This delicious pear-and-chocolate loaf is the perfect autumnal treat.
Sweet pears are weighing the branches down in my orchard and I am, once again, asking myself how I will use up a glut of homegrown produce. The delicious pear-and-chocolate loaf only uses three pears, which leaves a remainder of about 73, so I will be filling my larder with ginger-and-pear chutney.
Pear, chocolate and chocolate-ganache loaf with pecan-and-rosemary brittle (serves 4)
160g muscovado sugar
100ml light olive oil
1tspn vanilla-bean paste
160g self-raising flour
50g unsweetened cocoa powder
3 pears, halved with the core scooped out, but skin left on
1 sprig fresh rosemary, chopped
A pinch of salt flakes
150g caster sugar
150g 70%-cocoa-solid chocolate
200g double cream
2tbspn caster sugar
Preheat your oven to 180°C/350°F/gas mark 4, grease a loaf tin and line the base with parchment paper. Combine the sugar, olive oil, egg and vanilla-bean paste in a stand mixer until light and aerated. In a separate bowl, mix the flour and cocoa powder together, then add it in batches to the bowl of the stand mixer, alternating with the buttermilk, until both are all incorporated, making sure to scrape down the sides of the bowl. Pour half the mixture into the prepared tin and arrange the pears on top, before adding the remaining mixture and baking for about 40 minutes.
To make the brittle, prepare an oven tray with a sheet of baking parchment, then scatter pecans and rosemary all over it and toast them in the oven for five minutes to bring out the flavour. Remove the tray from the oven and scatter them with salt flakes and set aside, keeping the baking parchment in place beneath the pecans. Melt the sugar in a heavy-based saucepan with the splash of water, without stirring it, until you see the sugar turn an even mahogany colour. If you have a sugar thermometer, it should read 150°C/300°F, which is the hard-crack stage. Pour it all over the pecans (be very careful, as boiling sugar really burns) and leave to cool. Once hardened, peel away the baking parchment and break the brittle into shards with your hands or a sharp knife.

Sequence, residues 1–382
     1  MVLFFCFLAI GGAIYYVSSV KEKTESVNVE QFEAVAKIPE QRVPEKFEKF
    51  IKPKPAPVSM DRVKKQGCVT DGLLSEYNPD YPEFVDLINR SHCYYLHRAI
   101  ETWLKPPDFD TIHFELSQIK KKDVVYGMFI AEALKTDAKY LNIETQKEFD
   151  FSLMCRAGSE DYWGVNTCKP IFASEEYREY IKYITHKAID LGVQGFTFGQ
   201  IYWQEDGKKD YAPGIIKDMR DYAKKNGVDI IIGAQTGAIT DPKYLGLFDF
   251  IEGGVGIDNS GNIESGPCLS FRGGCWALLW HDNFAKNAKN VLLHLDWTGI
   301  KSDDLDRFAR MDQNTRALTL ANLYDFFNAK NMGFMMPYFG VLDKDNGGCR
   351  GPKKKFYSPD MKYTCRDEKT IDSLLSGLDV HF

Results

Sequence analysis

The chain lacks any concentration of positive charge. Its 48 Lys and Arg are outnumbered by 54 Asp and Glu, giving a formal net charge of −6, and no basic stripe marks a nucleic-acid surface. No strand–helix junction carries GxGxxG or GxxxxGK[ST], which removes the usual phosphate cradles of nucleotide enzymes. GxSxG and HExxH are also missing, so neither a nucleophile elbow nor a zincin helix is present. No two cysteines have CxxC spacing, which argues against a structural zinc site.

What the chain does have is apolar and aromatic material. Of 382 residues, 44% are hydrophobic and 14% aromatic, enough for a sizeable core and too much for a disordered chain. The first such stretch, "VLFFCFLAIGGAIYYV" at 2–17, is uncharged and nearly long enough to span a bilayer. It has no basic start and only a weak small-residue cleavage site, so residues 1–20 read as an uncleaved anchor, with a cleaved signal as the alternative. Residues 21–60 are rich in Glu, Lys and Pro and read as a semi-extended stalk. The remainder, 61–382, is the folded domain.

To make the ganache, break the chocolate into small pieces in a bowl, then heat the cream and sugar over a low heat and, just before it boils, pour the mixture over the chocolate pieces. Leave it for a minute or two, then stir until the chocolate has fully melted into a deliciously smooth, pourable ganache.
Arrange the loaf on a serving plate, pour the ganache over the top and, before it sets, drop brittle shards over it and serve in slices, accompanied by a dollop of whipped cream.
More ways with pears
Pears ‘on horseback’ (left)
Cut three pears into four wedges each, remove the stalk and stem and wrap each quarter in a bacon rasher, then bake—on a foil- lined baking sheet, to avoid any scrubbing later—in a hot oven for about 30 minutes or until the bacon is browned. Serve immediately as a canapé or add to a salad (while still warm) as a starter.
Peel 6 pears, but leave the stalk intact, then bring a large saucepan containing a bottle of red wine, 300ml water, 150g sugar, 1 cinnamon stick, a few cloves, a teaspoon vanilla-bean paste, orange and lemon zest and a handful each of dried apricots and figs or other dried fruit you may have to a simmer and cook for about 25 minutes, until the pears are soft and the dried fruit plump.
Remove the fruit with a slotted spoon and arrange on a platter. Scatter chopped nuts such as pistachio, cashews and hazelnuts over it. Return the wine syrup to the heat and simmer again until very reduced and syrupy. I like to serve the fruit cold, but with the syrup hot, and drizzle a little single cream over the top of the pears.
Peel and core 2lb of pears (about six) and cut them into chunks. Add them to a large pan, along with 2 sprigs rosemary, 125g dried apricots, 125g prunes, 200g sultanas, 100g crystallised ginger, 2 peeled and chopped red onions, 1 apple, 250g brown sugar and 500ml apple-cider vinegar. Bringing them to a simmer, cook for about an hour, until thickened, stirring to make sure the base doesn’t burn. Remove the rosemary and spoon into sterilised jars, place wax paper on the surface, leave to cool and then seal. Serve with mature cheeses.